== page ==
(AFP) – Aug 26, 2008
SEOUL (AFP) — North Korea said Tuesday it has stopped disabling its nuclear plants and will consider restoring them because the United States has failed to remove it from a terrorism blacklist.
The communist state accused the US of an "outright violation" of a six-nation nuclear disarmament deal and said work to make the plutonium-producing plants at Yongbyon unusable had halted on August 14.
"Secondly, the DPRK (North Korea) will consider soon a step to restore the nuclear facilities in Yongbyon to their original state as strongly requested by its relevant institutions," said a foreign ministry spokesman.
The US says the North must accept strict procedures to verify the declaration it made in June of its nuclear activities before it can be taken off the blacklist, which blocks US economic aid.
The North's statement appeared to reject that demand outright.
"The US is gravely mistaken if it thinks it can make a house search in the DPRK as it pleases just as it did in Iraq," said the spokesman's statement carried by the official Korean Central News Agency.
The latest dispute means that the six-party process "will inevitably stay off track for the time being," said Yang Moo-Jin, professor at Seoul's University of North Korean Studies.
"North Korean leader Kim Jong-Il seems to have made a strategic decision that he will no longer continue negotiations with the Bush administration," Yang told AFP.
The statement questioned the value of the talks which group the two Koreas, the United States, China, Russia and Japan, saying they have become a forum "for a big country to trifle with a small country."
The North tested an atomic weapon in October 2006 but then returned to the talks. Under deals reached last year, it began disabling the reactor and other plants at Yongbyon last November under US supervision.
It says 80 percent of the work has been completed.
The day after handing over its declaration, the North blew up the cooling tower at Yongbyon in a televised show of its commitment to denuclearisation.
The statement said the US failure to act is a clear breach of the agreement since verification is not a precondition for delisting.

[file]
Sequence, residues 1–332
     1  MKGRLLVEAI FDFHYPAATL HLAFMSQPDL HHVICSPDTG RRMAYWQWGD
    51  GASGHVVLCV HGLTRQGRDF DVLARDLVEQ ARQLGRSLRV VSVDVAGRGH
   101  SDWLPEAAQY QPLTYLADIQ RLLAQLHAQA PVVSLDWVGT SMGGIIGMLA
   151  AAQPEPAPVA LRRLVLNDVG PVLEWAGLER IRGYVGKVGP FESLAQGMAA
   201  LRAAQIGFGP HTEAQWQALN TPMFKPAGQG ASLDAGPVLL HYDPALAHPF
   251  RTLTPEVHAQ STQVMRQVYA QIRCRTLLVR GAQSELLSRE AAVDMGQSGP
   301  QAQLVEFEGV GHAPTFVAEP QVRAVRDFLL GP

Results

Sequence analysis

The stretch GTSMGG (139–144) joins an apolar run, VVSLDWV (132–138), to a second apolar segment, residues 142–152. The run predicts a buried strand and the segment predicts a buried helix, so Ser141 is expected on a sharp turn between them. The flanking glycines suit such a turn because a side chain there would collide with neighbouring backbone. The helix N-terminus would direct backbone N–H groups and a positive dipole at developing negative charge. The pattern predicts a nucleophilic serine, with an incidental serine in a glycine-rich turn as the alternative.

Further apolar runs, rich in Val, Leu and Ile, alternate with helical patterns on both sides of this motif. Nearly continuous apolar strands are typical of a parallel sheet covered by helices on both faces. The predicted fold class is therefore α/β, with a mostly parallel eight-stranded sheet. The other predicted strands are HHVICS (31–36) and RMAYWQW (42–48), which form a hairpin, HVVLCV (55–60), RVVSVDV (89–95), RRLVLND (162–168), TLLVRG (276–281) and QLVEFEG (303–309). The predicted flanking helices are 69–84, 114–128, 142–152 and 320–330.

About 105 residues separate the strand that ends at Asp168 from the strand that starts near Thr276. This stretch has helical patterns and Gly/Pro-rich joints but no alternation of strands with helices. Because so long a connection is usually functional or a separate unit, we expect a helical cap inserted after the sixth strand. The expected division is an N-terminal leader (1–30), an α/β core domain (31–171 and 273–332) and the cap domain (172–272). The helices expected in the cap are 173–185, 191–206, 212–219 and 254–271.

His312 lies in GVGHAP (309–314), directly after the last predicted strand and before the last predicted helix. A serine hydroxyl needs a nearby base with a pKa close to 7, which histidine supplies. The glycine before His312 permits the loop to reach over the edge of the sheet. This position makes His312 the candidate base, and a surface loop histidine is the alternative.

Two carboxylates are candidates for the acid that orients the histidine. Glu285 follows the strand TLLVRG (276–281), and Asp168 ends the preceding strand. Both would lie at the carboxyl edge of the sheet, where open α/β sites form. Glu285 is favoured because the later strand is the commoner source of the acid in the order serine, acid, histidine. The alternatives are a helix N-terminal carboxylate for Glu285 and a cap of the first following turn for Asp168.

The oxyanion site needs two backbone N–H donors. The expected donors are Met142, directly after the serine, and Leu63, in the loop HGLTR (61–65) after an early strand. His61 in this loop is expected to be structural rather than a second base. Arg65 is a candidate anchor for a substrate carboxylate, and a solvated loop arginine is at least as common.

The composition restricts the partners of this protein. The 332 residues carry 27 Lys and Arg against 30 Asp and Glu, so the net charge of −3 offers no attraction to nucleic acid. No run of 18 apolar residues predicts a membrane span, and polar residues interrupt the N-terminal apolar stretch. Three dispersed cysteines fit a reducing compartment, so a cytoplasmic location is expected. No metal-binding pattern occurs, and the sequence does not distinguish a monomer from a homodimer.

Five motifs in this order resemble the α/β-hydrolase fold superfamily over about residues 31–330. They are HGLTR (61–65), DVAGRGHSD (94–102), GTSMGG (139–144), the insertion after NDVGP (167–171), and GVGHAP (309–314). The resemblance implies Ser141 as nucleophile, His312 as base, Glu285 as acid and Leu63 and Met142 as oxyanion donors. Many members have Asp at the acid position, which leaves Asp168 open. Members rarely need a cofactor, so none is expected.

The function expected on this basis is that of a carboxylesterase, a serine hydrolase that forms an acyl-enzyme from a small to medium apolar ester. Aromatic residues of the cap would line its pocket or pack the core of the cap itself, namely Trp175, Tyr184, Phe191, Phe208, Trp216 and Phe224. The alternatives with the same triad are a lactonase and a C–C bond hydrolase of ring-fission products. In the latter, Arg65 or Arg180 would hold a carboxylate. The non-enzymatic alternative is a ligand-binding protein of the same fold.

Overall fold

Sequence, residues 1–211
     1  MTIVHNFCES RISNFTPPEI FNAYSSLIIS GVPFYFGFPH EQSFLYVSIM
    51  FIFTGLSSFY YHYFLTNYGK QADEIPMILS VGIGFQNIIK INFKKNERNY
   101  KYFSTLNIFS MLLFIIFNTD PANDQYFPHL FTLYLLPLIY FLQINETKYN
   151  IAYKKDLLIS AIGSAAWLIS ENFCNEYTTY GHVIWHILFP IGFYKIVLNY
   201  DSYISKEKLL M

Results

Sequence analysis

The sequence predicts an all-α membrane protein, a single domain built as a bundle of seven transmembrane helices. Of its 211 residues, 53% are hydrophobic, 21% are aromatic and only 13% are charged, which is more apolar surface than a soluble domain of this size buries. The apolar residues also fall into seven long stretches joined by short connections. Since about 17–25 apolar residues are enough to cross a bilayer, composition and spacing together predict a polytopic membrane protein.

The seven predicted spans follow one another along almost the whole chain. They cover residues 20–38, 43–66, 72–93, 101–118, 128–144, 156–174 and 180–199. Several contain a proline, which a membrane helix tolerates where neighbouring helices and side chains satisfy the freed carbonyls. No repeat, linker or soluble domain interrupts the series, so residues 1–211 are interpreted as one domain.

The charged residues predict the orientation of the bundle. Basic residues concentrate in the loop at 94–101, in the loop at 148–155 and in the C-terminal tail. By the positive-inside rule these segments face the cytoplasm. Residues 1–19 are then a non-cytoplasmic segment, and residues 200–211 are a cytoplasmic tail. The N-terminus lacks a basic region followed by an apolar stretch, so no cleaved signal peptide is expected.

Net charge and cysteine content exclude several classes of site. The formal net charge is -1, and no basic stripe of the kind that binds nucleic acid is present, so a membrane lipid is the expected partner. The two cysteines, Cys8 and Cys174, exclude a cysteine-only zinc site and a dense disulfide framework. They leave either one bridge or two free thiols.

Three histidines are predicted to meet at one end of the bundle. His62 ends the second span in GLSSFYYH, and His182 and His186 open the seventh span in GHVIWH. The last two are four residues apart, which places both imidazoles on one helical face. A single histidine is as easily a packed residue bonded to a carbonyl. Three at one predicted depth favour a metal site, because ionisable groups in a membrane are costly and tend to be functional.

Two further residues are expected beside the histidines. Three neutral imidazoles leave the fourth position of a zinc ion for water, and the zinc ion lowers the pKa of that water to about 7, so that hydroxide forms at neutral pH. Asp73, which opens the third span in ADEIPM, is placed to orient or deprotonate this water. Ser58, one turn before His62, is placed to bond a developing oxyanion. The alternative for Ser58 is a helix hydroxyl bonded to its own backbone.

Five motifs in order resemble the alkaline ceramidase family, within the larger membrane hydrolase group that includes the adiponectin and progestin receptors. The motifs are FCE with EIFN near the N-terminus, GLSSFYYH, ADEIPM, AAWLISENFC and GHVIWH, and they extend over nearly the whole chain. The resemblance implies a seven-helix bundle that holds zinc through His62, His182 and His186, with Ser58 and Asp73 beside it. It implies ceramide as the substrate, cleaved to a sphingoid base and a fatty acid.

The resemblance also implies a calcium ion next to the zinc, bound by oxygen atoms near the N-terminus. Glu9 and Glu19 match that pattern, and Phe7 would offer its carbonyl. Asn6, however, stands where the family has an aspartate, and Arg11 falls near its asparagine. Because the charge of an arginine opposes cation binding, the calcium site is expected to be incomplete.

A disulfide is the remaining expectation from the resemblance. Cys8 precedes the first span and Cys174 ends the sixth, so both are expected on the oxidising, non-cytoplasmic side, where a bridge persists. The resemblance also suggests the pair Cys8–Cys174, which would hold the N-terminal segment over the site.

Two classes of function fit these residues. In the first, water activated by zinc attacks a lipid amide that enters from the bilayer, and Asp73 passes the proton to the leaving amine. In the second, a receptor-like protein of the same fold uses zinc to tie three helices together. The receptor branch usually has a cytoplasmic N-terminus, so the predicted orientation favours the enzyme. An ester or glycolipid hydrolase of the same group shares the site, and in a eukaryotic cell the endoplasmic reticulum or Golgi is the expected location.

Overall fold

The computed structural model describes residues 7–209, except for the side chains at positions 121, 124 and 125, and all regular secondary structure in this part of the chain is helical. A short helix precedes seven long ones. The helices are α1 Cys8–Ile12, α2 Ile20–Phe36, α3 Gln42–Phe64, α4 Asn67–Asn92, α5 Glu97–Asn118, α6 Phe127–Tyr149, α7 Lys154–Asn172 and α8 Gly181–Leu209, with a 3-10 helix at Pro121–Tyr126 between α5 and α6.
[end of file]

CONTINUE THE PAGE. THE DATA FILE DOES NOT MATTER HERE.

"As far as the verification is concerned, it is a commitment to be fulfilled by the six parties at the final phase of the denuclearisation of the whole Korean peninsula," it said, adding that the procedure should also verify the absence of US nuclear weapons in South Korea.
US and North Korean officials held talks in New York last week but failed to break the impasse. The US reportedly wants to conduct sampling of materials, make unannounced visits and inspect unreported facilities.
South Korea's foreign ministry expressed regret and said it would consult other parties to try to restart disablement.
Japan's foreign ministry expressed concern and said it would continue pressing for disablement through close cooperation with other negotiators.
Professor Kim Young-Hyun of Dongguk University called the statement "a very strong message to the US" that Pyongyang wants removal from the list before the 60th anniversary of its founding on September 9.
"The North will escalate tensions in accordance with how the US reacts," Kim said.
The North said the US pressed it "to accept inspections in which they may visit wherever they want, collect samples and take measurements as they please."
It termed the demands "brigandish" and a violation of its sovereignty.
"The DPRK does not care whether it continues remaining on the list of 'those countries which are disobedient to the US'," it added.
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